Bryant Jennings wins, earns title shot

NEW YORK -- Heavyweight contender Bryant Jennings pulled out a split decision against Mike Perez on Saturday night at Madison Square Garden to earn a world title shot.

Jennings and Perez put on a snoozer of a fight on the undercard of the Gennady Golovkin-Daniel Geale middleweight world title fight, but Jennings will take the result -- one that he was able to pull out when Perez lost a point for hitting on the break in the 12th round.

"It doesn't matter as long as I get the win," Jennings said.

With the victory, he became the mandatory challenger for the winner of the bout between world titleholder Bermane Stiverne and current mandatory challenger Deontay Wilder, who are supposed to meet this fall. The winner of that fight will be obligated to face 29-year-old Jennings of Philadelphia next.

Two judges scored the fight for Jennings, 115-112 and 114-113, while one judge gave it to Perez, 114-113. ESPN.com also had it for Jennings, 114-113.

"I won the fight. I won the fight easily," Perez said. "I did what I wanted to do. The referee (Harvey Dock) stole the fight from me."

The whole Perez team was up in arms.

"Mike was terrific in the gym and we won this fight clearly by three rounds," trainer Adam Booth said. "The ref took it away from him."

"It's kind of unheard of to take a point away in the 12th round and have that decide the fight," said K2 Promotions managing director Tom Loeffler, Perez's promoter.

Jennings (19-0, 10 KOs) and Perez (20-0-1, 12 KOs), 28, a Cuban defector living in Ireland, were initially scheduled to fight May 24 in Corpus Christi, Texas, but Perez suffered a left shoulder injury in a sparring session and the bout was called off with two weeks to go.

They fought at a solid pace early, but Perez, a southpaw, seemed to be getting the better of the exchanges as he landed solid right jab-straight left combinations while Jennings was ineffective trying to fight him on the outside.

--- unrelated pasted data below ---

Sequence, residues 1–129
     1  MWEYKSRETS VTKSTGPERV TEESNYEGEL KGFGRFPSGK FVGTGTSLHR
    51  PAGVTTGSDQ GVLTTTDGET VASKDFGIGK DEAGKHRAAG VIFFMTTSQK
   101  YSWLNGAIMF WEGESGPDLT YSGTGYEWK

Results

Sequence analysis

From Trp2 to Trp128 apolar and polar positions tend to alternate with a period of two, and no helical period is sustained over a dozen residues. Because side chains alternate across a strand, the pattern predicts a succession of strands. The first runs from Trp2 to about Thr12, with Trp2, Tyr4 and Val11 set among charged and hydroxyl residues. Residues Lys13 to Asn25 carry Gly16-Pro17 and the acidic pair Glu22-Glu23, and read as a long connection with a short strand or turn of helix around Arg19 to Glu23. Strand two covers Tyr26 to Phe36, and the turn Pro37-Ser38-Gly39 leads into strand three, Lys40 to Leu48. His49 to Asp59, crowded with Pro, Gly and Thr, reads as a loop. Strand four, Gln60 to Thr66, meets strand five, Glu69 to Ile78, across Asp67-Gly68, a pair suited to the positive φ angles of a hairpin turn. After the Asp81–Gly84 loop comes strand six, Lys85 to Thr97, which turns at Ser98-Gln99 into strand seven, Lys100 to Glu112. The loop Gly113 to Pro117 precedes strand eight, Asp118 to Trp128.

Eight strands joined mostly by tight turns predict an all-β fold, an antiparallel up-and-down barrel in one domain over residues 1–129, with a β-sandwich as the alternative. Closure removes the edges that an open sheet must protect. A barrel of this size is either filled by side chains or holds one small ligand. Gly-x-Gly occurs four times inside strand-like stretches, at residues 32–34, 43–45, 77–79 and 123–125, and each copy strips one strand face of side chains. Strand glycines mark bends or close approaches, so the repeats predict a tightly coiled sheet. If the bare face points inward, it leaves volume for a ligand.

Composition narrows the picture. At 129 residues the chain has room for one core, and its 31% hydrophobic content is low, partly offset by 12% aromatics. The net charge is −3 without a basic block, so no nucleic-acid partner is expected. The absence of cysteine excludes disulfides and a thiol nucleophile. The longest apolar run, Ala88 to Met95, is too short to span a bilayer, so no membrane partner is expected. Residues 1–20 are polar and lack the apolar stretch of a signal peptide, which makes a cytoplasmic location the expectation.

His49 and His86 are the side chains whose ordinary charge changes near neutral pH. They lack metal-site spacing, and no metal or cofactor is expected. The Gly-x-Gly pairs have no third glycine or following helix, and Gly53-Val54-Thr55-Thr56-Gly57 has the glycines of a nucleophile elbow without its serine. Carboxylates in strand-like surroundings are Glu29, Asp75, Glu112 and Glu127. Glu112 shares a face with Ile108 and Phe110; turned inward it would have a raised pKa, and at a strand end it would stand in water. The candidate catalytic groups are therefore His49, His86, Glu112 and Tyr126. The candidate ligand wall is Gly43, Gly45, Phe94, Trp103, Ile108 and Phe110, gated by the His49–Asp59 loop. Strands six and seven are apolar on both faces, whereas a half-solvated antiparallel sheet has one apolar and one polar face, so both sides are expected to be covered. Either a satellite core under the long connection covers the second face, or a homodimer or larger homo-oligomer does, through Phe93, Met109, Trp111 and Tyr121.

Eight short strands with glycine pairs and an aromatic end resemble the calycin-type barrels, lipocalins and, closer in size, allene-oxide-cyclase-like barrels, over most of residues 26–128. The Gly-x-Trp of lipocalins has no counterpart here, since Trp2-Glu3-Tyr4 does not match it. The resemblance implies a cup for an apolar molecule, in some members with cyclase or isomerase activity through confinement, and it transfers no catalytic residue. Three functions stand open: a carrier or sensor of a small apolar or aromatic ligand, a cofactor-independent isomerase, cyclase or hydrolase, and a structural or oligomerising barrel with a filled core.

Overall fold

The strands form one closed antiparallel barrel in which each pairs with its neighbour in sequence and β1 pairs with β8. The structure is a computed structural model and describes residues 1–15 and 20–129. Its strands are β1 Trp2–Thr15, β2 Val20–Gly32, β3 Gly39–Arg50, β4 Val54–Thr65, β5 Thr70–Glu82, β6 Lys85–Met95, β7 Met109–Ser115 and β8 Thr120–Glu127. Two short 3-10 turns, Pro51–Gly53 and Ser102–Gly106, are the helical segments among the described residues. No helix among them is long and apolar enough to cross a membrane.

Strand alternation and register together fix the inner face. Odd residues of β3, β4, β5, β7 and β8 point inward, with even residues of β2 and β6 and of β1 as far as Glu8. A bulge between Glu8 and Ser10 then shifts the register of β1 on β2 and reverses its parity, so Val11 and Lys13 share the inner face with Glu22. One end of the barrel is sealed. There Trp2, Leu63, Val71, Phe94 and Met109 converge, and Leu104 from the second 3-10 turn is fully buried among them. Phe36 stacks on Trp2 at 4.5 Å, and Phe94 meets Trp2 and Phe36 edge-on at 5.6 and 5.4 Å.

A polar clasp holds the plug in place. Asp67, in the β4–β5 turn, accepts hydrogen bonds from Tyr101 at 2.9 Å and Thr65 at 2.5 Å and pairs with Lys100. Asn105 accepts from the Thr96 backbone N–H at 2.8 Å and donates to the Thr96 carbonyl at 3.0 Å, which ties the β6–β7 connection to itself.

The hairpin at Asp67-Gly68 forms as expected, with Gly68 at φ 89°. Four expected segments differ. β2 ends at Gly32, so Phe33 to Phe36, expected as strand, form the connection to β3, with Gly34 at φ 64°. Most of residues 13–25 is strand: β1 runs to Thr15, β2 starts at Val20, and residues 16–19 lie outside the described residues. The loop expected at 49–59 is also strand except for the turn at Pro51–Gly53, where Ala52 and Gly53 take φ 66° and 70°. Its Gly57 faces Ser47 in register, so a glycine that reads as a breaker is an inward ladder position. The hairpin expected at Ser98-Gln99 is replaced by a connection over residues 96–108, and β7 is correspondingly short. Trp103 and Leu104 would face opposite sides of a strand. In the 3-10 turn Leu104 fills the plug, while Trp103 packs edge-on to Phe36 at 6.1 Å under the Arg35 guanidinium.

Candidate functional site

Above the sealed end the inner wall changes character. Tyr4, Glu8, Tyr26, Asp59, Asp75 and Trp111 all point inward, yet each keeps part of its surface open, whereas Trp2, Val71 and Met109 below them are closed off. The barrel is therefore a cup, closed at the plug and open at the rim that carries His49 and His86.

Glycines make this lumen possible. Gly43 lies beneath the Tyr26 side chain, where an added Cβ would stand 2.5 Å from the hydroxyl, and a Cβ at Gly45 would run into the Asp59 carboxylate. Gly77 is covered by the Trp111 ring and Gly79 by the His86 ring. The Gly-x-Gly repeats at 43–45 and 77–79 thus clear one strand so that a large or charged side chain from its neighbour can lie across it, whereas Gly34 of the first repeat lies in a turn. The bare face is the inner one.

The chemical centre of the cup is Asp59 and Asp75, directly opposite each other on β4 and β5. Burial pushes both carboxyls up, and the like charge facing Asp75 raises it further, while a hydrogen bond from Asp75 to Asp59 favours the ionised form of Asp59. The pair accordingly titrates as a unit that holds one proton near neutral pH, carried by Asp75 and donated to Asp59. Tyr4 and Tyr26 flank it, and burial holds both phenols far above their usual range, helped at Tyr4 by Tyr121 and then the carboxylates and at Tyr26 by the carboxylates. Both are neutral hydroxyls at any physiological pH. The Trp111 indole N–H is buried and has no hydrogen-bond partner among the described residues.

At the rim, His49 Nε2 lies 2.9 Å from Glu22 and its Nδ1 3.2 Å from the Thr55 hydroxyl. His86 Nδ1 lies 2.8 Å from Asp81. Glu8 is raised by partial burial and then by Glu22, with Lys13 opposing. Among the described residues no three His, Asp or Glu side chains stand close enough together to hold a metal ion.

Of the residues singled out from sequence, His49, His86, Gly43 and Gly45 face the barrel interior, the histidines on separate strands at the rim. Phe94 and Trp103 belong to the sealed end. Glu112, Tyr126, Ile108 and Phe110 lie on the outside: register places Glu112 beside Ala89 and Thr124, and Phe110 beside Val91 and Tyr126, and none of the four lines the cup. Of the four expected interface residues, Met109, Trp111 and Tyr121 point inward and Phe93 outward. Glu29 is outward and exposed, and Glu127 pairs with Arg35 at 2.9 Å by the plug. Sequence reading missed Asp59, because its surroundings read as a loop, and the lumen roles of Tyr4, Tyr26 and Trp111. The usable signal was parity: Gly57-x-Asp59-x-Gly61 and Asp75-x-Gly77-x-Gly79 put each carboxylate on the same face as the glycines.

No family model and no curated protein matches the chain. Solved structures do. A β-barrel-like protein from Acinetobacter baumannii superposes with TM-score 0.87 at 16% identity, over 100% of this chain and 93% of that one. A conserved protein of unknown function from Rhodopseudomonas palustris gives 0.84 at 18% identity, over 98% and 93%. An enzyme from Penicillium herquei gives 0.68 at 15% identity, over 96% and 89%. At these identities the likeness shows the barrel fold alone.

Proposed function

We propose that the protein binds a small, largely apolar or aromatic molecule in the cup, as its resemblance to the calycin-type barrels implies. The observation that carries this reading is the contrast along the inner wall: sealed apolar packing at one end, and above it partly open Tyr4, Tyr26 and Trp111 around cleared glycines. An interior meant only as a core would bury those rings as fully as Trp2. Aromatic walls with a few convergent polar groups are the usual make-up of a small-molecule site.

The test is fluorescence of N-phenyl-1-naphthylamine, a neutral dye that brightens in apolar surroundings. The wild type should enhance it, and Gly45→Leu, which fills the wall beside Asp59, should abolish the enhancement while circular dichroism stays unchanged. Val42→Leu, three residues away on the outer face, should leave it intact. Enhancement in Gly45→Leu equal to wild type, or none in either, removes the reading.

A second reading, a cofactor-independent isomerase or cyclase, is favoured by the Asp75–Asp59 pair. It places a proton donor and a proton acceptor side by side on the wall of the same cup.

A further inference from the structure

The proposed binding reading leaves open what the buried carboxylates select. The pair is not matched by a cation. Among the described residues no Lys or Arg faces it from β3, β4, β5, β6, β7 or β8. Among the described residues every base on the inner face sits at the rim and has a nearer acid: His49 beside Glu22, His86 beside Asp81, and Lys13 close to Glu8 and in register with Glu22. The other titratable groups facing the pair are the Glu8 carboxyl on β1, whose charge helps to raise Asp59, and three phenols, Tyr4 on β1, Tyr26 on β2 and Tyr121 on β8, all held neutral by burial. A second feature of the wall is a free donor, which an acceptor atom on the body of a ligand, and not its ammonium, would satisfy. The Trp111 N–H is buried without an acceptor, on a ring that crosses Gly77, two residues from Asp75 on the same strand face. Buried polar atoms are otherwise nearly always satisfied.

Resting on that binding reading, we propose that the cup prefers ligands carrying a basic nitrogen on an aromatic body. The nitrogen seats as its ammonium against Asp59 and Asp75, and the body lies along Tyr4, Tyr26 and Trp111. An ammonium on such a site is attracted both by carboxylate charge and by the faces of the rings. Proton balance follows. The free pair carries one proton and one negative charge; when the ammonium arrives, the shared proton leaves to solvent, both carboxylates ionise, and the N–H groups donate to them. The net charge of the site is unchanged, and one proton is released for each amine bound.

There was sporadic action, such as in the third round when Jennings stunned Perez with a right and Perez responded by knocking him backward.

Jennings' biggest moment in the first half of the fight came just before the fifth round ended, when he caught Perez with a solid right uppercut that excited the pro-Jennings crowd.

But the fight grew more ragged as it went on and the pace slowed, especially Perez's. He looked like he was tiring by the seventh round as Jennings continued to work to his body and come on strong. He let his hands go on the inside late in the eighth round and caught Perez with an uppercut and a right hand.

Jennings landed a solid right uppercut late in the 10th round as he continued to be more active than the tiring Perez, who spent much of the later rounds looking to hold rather than punch.

Jennings came out fast in the 12th round, clearly looking to do damage, and he was winning the round when he got a bonus as Dock docked the point from Perez for hitting him with a left hand on the break, giving Jennings a 10-8 round.

"He wouldn't stand in there and trade with me," Jennings said. "I wanted him to stand in there and fight. I was expecting the inside pressure from Mike Perez and it didn't happen. It was a very technical fight."

According to CompuBox statistics, Jennings landed 149 of 513 punches (29 percent) and Perez connected on 116 of 571 (20 percent).